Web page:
2019 was supposed to be the best free agent market since free agency began with MVP-calibre players available for the right price. Some major names were going to enter the free agent market looking to cash in and get a big payday while also finding their way to a team who could help them reach that goal of a championship. It was so great that teams seemed to take a step back the year before in order to save up for a spending spree. At least, that is what it seemed when the 2018 free agency market was one of the slowest on record. Teams waited months to sign players and one theory was that some teams were refusing to spend all of their money on a group that wasn’t anywhere close to the group in 2019. Yet with players like Manny Machado and Bryce Harper on the market teams remained quiet throughout the offseason. Teams were unwilling to jump into big contracts right away and be the first to sign a big name. Instead, they waited it out and drove prices down for most of the mid-range players. Meanwhile, Machado and Harper received monster contracts. Machado signed with San Diego for $300-million over 10 years while Harper signed with Philadelphia for $330-milion over 13 years. They were two of the biggest contracts in the MLB and made the free agent market a bigger debate. On one hand, it was slow for a second straight year making it seem like teams were just forcing players to take lesser contracts. On the other hand, the two biggest names took massive contracts that could shift the power in the league. Were teams slow playing to not spend money or were the big names holding everyone up. After all, both Machado and Harper seemed to be waiting each other out before they signed and were forced into decisions when Spring Training began. For the players, it is a clear sign of teams not spending money while the teams see those big contracts and most know they can’t compete or stay viable paying out those contracts. It is a debate that is nowhere near the end with the second slow free agency now gone and two more before the CBA comes and the two sides try to find a solution.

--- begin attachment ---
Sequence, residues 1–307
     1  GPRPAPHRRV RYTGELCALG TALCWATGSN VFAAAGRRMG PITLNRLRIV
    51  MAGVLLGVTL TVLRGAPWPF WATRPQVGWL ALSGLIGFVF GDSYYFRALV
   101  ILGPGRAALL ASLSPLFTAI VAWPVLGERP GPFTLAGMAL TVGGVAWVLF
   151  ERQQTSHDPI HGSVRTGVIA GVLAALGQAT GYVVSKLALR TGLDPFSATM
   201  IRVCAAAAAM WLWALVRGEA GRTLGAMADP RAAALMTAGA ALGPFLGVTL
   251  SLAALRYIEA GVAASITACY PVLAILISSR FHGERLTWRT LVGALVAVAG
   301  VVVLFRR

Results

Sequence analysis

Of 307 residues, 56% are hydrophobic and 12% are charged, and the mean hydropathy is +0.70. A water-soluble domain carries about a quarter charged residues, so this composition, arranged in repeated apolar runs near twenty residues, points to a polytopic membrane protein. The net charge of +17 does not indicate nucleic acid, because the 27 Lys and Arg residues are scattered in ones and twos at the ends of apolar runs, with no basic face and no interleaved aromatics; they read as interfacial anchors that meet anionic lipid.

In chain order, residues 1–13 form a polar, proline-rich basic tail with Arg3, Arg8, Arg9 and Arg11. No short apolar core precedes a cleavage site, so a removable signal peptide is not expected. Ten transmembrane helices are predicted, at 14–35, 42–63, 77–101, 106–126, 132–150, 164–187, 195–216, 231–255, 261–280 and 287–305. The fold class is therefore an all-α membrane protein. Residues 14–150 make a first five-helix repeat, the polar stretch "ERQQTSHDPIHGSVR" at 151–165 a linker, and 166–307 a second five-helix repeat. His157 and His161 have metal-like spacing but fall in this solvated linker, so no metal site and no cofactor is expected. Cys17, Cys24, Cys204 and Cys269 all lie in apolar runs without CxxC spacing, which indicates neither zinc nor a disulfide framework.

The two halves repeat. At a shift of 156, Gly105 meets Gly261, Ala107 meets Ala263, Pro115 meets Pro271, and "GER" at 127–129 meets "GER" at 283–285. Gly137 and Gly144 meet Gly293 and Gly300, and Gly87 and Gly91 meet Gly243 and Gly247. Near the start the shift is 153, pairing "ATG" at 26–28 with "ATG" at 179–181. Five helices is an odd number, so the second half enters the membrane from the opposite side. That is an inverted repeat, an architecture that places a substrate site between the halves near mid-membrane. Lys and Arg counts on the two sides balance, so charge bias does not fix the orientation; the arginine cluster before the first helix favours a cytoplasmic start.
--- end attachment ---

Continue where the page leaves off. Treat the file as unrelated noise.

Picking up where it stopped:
Working the Rookie